Here are the winners, broken down into “progressive” categories as they appear on restaurant wine lists (which progress from lighter to fuller-bodied wines.  Prices will differ a little across North America, but I'll provide my best guess on the rough retail price you're likely to find, along with names of importers):


SPARKLING:

Prosecco Extra Dry, Montelliana, Montello E Colli Asolani, Italy ($12, The Country Vintner):  Bright and lively, with ripe apple and citrus fruit flavors.


LIGHT-BODIED WHITES:

Pinot Grigio, Riff, Delle Venezie, Italy, 2008 ($12, Dalla Terra):  Summer fruit flavors are edged with notes of citrus and toasted nuts.

Sauvignon Blanc, Fire Road, Marlborough, New Zealand, 2009 ($12, Winesellers USA):  Zesty grapefruit and pineapple notes with accents of dried herbs.

Torrontes, La Puerta, Famatina Valley, Argentina, 2009 ($12, Ecosur Group):  Fresh floral aromas and subtle mandarin orange fruit with a crisp finish.

Dry Riesling, Chateau Ste. Michelle, Columbia Valley, WA, 2008 ($12):  Subtle floral notes lead to ripe apple fruit with a subtle edge of spices.

White Blend “Cuvée Marine,” Haut Marin, Côtes de Gascogne, France, 2008 ($10.50, Elite Wines Imports):  Crisp and clean, with fruit notes of pear and white melon.
 

MEDIUM-BODIED WHITES:

Chenin Blanc “Petit Chenin,” Ken Forrester, Stellenbosch, South Africa, 2009 ($9, Boutique Wine Collection):  Fruity but dry, marked by lively peach and melon flavors.

Pinot Grigio, Hogue, Columbia Valley, WA, 2008 ($11):  Fresh fruit flavors reminiscent of apples and pears.

Grüner Veltliner “Gmörk,” Anton Bauer, Wagram, Austria, 2008 ($11, Select Wines):   Apricot and citrus fruit enhanced by echoes of white pepper and spice.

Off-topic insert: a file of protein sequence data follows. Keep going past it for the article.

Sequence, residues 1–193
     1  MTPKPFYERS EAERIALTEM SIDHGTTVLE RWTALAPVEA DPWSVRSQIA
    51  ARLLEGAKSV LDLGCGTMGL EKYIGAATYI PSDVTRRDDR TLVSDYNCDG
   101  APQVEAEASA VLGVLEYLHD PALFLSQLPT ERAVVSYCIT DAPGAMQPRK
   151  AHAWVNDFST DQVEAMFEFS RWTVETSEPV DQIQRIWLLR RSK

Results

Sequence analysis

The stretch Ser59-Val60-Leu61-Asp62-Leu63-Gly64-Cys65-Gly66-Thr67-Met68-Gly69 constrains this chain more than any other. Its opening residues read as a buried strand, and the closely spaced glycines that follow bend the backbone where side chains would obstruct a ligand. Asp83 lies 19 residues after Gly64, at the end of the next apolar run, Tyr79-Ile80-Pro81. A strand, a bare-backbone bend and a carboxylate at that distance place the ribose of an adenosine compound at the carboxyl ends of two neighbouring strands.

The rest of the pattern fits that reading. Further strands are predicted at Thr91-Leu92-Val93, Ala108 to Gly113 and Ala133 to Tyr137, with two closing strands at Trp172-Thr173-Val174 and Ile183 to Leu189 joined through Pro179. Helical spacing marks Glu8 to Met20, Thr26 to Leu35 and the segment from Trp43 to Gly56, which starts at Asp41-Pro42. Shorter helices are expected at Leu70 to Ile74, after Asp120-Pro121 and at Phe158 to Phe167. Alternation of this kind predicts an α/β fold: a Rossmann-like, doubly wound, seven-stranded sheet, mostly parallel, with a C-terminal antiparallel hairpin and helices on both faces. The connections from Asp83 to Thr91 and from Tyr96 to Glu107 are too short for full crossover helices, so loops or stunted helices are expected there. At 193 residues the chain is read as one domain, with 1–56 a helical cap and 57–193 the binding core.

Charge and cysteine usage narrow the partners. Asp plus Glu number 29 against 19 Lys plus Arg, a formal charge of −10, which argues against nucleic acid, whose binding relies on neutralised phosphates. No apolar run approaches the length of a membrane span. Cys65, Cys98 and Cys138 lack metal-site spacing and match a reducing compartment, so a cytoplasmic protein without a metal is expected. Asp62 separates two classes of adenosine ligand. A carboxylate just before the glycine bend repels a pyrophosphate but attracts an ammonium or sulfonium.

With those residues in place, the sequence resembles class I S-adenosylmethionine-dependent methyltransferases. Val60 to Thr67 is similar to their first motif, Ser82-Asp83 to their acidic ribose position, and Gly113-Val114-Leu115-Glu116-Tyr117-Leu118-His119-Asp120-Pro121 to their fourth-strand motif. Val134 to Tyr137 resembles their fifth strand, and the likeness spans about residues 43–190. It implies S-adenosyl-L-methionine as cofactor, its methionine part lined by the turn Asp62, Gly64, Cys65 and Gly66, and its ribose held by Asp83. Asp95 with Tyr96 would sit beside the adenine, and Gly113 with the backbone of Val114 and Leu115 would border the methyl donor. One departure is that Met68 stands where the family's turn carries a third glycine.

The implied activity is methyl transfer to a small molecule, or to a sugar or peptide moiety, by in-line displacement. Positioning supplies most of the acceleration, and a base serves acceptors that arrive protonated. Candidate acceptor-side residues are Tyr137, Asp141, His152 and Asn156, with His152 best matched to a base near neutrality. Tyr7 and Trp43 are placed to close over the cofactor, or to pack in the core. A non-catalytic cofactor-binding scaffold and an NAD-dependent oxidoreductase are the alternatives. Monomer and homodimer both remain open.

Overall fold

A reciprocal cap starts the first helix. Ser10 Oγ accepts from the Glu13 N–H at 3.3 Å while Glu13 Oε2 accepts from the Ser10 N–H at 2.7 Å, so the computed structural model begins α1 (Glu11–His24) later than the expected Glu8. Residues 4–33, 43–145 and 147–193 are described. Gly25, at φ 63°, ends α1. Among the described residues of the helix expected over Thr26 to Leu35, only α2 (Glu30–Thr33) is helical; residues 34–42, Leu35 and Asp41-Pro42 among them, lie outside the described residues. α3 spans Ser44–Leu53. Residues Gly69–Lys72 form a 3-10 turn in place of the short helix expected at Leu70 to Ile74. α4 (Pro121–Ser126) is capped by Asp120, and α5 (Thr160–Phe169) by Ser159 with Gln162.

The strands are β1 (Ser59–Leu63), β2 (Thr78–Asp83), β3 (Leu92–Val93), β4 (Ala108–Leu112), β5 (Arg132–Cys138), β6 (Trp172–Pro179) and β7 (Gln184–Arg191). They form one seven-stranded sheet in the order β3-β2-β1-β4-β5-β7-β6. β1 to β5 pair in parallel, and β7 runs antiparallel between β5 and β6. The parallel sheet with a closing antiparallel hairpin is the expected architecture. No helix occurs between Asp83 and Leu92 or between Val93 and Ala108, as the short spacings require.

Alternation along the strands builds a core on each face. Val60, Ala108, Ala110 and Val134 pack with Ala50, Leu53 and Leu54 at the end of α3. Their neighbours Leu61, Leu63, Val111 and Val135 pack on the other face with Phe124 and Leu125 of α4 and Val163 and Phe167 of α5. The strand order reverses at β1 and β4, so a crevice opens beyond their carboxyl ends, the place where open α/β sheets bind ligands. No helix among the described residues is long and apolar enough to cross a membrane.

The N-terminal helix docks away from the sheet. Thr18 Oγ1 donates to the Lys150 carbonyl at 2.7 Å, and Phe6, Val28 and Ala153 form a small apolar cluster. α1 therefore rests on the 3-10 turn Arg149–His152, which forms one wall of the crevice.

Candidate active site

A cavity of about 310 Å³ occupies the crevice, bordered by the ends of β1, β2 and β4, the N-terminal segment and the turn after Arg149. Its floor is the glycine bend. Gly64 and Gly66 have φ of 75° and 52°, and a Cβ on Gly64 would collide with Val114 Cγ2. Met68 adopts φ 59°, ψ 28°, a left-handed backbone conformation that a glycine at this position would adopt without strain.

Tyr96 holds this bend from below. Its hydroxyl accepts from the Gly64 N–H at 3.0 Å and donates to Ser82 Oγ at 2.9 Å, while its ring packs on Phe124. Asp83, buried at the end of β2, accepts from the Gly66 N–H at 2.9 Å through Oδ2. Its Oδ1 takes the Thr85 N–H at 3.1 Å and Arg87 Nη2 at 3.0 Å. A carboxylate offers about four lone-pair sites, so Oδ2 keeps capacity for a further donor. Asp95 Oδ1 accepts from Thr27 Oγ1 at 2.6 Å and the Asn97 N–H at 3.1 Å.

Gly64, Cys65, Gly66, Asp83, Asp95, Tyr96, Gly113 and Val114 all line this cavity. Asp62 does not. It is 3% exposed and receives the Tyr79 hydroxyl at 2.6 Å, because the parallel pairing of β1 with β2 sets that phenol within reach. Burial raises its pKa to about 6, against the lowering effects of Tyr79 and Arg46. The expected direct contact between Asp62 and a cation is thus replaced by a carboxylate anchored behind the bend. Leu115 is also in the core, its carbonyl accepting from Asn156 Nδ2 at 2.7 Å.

Chardonnay, Indaba, Western Cape, South Africa, 2009 ($9, Cape Classics):  Bright citrus and tropical fruit aromas lead to a crisp, bright wine with apple and spice flavors.

White Blend “Ménage à Trois,” Folie à Deux, California, 2008 ($10.50):  An opulently rich blend of Chardonnay, Chenin Blanc, and Moscato.


FULL-BODIED WHITES:

Côtes-du-Rhône “Belleruche,” M. Chapoutier, Rhône Valley, France, 2008 ($12, Terlato):  Tasting Note:  White melon flavors lead to a spicy, mineral finish.

Pinot Gris, Cline, Sonoma County, CA, 2008 ($12):  Tasting Note:  Lush autumn pear flavors with lightly earthy, smoky undertones.

Chardonnay, McWilliam’s, South Eastern Australia, 2008 ($10.50, McWilliam's USA):  Tasting Note:  Ripe notes of tropical fruit are accented with a subtle tinge of oak.

Chardonnay, Errazuriz, Casablanca Valley, Chile, 2008 ($11.50, Vintus):   Softly ripe and rounded, with lush peach flavors edged with citrus notes.

Viognier, Cline, California, 2008 ($12):  Expressive floral aromas intertwined with ripe fruit recalling peaches and pears.


LIGHT-BODIED REDS:

Sangiovese, Di Majo Norante, Terra Degi Osci, Molise, Italy, 2008 ($11, Winebow):  Enticingly soft and round, with flavors echoing dried cherries and savory spice.

Pinot Noir “Reserva,” Santa Carolina, Maule Valley, Chile, 2008 ($9, Carolina Wine Brands):  Silky and soft, with bright red cherry fruit, and a clean finish.